They will be crucial in November's election: and they're not impressed by the Republicans. Now President Obama is reaching out to women voters - with a co-ordinated campaign.
"I believe Democrats have a better story to tell women," Barack Obama told supporters last week and today, according to the New York Times, the party will fire off mailings to a million women in key battleground states around the country. It'll be followed by special events, house parties and phone banks, all culminating with a special week of action at the end of this month. Another effort, called Nurses for Obama, will enable community advocates to rally support for the president's healthcare bill.
I believe Democrats have a better story to tell women. Barack Obama
It is a story that could have been written very differently, just a few months ago. Then, it seemed that women, who helped to propel Obama to power in 2008, were deserting his side: more women chose to back the Republicans in 2010, when the GOP swept to victory in the midterms. Obama was accused of ignoring womens' issues, while the economic downturn, unemployment and home foreclosures were rapidly alienating voters in suburban areas. The macho infighting on Capitol Hill didn't win over many female fans, either.
War on Women
But all that was before the Republicans appeared bent on declaring a cultural "war on women" with a series of increasingly outspoken attacks on reproductive rights, on abortion, on single parents, on women working outside the home. Driven by the Republican race for the White House, it was as if the cause of feminism had been hurled back 100 years. It didn't take long for women voters to begin switching back to Obama in droves.
A poll by the New York Times and CBS last month revealed the switch: in January women disapproved of Obama's performance by 48 per cent to 46 per cent; a month later that had changed to 53 per cent in favour, 38 per cent against. The president easily out-polled either of his main Republican rivals, Rick Santorum and Mitt Romney, by a margin of around 20 points, according to Pew Research. "Women are going to make up their own minds in this election about who is advancing the issues they care most deeply about", Obama declared last week, and at the moment all he needs to do is sit back, and let the Republicans drive women away, all by themselves.
If it's not Rick Santorum trying to mess with women's right to birth control, or railing against single mothers, then it's Republicans in Congress trying to cut off funds to the women's health care group, Planned Parenthood - or GOP-controlled states bringing in draconian restrictions on abortion. The disgraceful comments by right-wing talk show host Rush Limbaugh, who branded a young student a slut and a prostitite, after she gave evidence on the Hill about birth control, merely confirmed a mean kind of hostility that was already overwhelming the political debate.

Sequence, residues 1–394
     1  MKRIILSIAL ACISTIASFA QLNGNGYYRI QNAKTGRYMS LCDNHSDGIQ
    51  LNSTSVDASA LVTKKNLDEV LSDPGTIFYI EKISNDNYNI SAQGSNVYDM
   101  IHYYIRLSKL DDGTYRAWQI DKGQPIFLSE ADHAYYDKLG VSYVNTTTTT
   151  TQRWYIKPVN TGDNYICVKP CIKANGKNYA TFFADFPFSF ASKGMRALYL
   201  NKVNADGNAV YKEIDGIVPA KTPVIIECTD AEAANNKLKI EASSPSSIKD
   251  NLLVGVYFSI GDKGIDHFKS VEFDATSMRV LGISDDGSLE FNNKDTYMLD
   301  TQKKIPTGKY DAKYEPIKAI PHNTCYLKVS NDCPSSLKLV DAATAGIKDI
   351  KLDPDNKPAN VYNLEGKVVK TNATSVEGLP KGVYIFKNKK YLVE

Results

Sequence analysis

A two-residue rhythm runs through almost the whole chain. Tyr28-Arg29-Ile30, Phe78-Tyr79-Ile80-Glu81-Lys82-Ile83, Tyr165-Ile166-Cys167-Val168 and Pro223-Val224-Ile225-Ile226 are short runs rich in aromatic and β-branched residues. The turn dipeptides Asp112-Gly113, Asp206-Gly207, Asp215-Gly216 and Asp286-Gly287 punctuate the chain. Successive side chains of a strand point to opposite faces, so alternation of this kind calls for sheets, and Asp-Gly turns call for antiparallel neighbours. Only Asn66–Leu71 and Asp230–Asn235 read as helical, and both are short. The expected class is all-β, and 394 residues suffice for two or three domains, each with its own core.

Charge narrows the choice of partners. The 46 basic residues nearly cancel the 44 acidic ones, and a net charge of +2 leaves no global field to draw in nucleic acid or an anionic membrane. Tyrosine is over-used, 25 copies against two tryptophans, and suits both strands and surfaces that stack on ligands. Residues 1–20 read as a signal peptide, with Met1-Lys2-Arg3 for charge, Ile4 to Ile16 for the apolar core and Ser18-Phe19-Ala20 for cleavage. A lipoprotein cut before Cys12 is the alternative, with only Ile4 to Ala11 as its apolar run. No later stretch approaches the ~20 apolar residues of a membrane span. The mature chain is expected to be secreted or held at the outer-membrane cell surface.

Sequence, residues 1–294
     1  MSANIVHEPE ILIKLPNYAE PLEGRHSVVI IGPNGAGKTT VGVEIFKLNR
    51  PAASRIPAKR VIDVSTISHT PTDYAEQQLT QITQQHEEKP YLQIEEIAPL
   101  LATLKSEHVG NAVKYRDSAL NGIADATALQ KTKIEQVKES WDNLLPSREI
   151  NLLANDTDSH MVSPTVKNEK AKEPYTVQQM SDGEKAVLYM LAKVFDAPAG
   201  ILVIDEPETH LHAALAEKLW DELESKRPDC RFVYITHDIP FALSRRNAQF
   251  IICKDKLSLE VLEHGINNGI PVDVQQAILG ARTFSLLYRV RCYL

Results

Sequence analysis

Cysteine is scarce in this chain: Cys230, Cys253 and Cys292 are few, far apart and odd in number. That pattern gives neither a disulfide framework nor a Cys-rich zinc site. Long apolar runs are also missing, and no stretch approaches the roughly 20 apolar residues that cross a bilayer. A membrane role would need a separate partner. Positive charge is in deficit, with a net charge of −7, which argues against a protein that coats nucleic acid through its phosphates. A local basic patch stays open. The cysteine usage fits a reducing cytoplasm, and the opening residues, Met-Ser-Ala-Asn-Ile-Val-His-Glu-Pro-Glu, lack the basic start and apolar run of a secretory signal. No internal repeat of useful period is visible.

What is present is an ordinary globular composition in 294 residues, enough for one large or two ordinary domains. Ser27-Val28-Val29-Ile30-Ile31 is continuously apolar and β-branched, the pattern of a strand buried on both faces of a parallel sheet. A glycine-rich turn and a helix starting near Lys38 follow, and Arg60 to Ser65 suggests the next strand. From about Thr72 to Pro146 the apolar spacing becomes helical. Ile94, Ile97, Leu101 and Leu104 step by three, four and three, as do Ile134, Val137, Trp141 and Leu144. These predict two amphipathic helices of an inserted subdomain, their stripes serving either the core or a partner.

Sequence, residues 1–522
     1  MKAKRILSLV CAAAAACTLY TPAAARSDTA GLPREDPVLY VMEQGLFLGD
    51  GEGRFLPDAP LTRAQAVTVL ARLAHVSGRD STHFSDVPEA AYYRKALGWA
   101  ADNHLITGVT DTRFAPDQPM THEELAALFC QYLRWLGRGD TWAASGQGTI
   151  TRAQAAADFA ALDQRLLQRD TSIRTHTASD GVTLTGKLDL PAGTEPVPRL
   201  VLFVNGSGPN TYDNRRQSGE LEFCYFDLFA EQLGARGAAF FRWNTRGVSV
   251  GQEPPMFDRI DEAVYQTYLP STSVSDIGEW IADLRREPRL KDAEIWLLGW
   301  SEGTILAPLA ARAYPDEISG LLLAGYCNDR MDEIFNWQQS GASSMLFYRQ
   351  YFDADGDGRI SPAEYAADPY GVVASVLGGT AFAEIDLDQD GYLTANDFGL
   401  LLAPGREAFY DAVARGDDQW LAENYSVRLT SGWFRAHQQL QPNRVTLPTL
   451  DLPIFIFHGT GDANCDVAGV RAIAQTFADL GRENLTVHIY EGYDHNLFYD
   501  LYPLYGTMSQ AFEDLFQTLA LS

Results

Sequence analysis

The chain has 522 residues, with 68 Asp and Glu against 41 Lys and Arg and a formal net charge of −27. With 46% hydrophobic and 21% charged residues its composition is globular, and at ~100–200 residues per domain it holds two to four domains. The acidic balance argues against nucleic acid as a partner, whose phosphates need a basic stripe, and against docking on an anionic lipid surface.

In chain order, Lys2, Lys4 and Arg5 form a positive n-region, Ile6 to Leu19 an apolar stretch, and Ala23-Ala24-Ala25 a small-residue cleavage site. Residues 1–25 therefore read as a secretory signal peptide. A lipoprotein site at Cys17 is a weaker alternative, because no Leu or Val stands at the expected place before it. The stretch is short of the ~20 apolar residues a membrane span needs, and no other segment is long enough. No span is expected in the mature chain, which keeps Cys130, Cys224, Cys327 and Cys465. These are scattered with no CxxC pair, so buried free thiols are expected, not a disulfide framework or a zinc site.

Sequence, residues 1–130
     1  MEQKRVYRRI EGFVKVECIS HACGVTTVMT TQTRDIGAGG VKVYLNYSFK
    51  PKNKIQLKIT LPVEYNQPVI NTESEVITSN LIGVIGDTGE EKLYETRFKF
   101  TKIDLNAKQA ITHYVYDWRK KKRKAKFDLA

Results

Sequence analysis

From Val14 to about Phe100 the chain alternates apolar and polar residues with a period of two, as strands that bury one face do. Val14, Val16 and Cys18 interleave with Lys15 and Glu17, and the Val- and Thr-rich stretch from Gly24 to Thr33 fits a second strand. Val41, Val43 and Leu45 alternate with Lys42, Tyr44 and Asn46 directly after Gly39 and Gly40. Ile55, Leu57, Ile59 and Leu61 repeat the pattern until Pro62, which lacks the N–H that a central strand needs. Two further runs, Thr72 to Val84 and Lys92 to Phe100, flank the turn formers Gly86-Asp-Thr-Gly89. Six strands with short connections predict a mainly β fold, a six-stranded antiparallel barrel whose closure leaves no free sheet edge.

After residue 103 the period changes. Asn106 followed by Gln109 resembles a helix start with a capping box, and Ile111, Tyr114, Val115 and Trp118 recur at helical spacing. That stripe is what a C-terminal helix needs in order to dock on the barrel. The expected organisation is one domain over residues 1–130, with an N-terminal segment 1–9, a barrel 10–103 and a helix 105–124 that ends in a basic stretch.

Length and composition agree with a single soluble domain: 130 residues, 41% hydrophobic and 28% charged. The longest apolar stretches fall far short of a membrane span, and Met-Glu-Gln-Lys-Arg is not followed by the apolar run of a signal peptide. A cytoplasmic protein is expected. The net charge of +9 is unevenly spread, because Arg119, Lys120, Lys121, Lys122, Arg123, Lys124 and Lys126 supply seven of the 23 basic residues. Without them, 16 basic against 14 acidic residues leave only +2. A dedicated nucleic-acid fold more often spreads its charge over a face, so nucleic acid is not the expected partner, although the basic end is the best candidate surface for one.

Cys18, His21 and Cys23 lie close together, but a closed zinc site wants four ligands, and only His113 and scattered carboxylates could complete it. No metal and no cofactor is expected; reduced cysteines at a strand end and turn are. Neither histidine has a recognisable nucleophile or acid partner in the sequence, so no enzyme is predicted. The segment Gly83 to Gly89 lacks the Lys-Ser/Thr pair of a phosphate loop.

For some women, the Democrats' response was more about political expediency than a still small voice of calm: Elizabeth Drew, in the New York Review of Books, wrote that the "noisy and often passionate argument over insurance coverage for contraception" came down not to a straight argument about religious freedom, or womens' health, "but to a contest over whether the issue would be more efficacious for turning out the Democrats' or the Republicans' base in November".
Cherchez la femme
But right now, it is the Republicans who are suffering the backlash. President Reagan's former speechwriter, Peggy Noonan, summed up the ugly mood on NBC's Meet the Press: "Somebody has got to stop and notice this sounds like a horrible misogynistic war on women. We have got to stop it." But who's around to spearhead that kind of effort, inside the GOP? There's a noticeable dearth of prominent women in the Republican party who could champion their voice, while veteran senator Olympia Snowe is retiring after 33 years, fed up with the way the current political debate has descended into partisan nastiness.
Somebody has got to stop and notice this sounds like a horrible misogynistic war on women. Peggy Noonan
How different from 2008, when the leading roles of Hillary Clinton and, yes, Sarah Palin, seemed to be heralding a new era for women power on both sides of the aisle. Or perhaps women do still wield the political power, albeit through the ballot box. And if the Republicans continue to preach about everything from women's bodies to their right to work - they will continue to drive away the very people who turn out to vote - and who decide elections, especially in those key suburban battlegrounds.
That's bad politics, in anyone's book. And you can bet the Democrats are seizing every opportunity to make sure this particular story has the happy ending they're after.
Felicity Spector writes about US politics for Channel 4 News.